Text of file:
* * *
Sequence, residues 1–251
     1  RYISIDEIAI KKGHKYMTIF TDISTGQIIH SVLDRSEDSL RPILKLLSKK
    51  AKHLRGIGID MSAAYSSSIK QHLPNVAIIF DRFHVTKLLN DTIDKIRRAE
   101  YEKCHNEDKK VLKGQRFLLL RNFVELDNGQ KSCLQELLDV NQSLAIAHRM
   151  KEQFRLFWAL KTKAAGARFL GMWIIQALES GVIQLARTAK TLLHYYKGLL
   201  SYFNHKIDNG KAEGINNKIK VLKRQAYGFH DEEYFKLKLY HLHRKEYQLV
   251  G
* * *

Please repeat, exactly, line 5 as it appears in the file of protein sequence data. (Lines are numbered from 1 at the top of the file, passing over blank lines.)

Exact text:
   151  KEQFRLFWAL KTKAAGARFL GMWIIQALES GVIQLARTAK TLLHYYKGLL